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Fine Structure Constant Defines Visual Transparency of Graphene

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Science  06 Jun 2008:
Vol. 320, Issue 5881, pp. 1308
DOI: 10.1126/science.1156965

Abstract

There are few phenomena in condensed matter physics that are defined only by the fundamental constants and do not depend on material parameters. Examples are the resistivity quantum, h/e2 (h is Planck's constant and e the electron charge), that appears in a variety of transport experiments and the magnetic flux quantum, h/e, playing an important role in the physics of superconductivity. By and large, sophisticated facilities and special measurement conditions are required to observe any of these phenomena. We show that the opacity of suspended graphene is defined solely by the fine structure constant, a = e2/hc � 1/137 (where c is the speed of light), the parameter that describes coupling between light and relativistic electrons and that is traditionally associated with quantum electrodynamics rather than materials science. Despite being only one atom thick, graphene is found to absorb a significant (pa = 2.3%) fraction of incident white light, a consequence of graphene's unique electronic structure.

There are few phenomena in condensed matter physics that are defined only by the fundamental constants and do not depend on material parameters. Examples are the resistivity quantum, h/e2, that appears in a variety of transport experiments, including the quantum Hall effect and universal conductance fluctuations, and the magnetic flux quantum, h/2e, playing an important role in the physics of superconductivity (h is Planck's constant and e the electron charge). By and large, it requires sophisticated facilities and special measurement conditions to observe any of these phenomena. In contrast, we show that the opacity of suspended graphene (1) is defined solely by the fine structure constant, α = e2c ≈ 1/137 (where c is the speed of light), the parameter that describes coupling between light and relativistic electrons and that is traditionally associated with quantum electrodynamics rather than materials science. Despite being only one atom thick, graphene is found to absorb a significant (πα = 2.3%) fraction of incident white light, a consequence of graphene's unique electronic structure.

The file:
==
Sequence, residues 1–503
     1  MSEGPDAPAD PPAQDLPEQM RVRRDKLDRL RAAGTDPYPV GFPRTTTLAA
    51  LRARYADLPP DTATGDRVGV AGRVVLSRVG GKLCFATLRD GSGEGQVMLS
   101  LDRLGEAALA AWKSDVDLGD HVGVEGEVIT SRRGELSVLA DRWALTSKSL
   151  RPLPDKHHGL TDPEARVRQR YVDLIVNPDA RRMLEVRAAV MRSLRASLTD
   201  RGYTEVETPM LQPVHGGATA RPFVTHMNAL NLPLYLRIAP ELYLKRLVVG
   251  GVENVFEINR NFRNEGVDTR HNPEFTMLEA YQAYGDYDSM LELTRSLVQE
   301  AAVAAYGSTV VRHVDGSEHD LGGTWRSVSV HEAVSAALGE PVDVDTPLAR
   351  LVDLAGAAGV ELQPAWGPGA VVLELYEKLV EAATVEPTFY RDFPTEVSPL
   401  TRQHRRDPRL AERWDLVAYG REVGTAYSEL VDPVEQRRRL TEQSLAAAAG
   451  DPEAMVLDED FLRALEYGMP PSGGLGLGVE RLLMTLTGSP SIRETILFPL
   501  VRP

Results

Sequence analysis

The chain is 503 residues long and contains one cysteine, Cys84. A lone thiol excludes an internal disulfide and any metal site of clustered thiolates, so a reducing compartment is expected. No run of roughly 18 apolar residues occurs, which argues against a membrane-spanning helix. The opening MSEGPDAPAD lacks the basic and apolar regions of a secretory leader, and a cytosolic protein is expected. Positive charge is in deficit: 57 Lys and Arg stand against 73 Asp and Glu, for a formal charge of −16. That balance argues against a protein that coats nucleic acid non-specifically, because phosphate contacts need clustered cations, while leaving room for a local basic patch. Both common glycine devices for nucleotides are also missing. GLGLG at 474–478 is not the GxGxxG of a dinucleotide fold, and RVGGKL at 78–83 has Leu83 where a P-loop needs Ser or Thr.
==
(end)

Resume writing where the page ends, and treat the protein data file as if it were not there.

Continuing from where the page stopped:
It was recently argued (2, 3) that the high-frequency (dynamic) conductivity G for Dirac fermions (1) in graphene should be a universal constant equal to e2/4ħ and different from its universal dc conductivity, 4e2h [however, the experiments do not comply with the prediction for dc conductivity (1)]. The universal G implies (4) that observable quantities such as graphene's optical transmittance T and reflectance R are also universal and given by T ≡ (1 + 2πG/c)–2 = (1 + ½πα)–2 and R ≡ ¼π2α2T for the normal light incidence. In particular, this yields graphene's opacity (1 – T) ≈ πα [this expression can also be derived by calculating the absorption of light by two-dimensional Dirac fermions with Fermi's golden rule (5)]. The origin of the optical properties being defined by the fundamental constants lies in the two-dimensional nature and gapless electronic spectrum of graphene and does not directly involve the chirality of its charge carriers (5).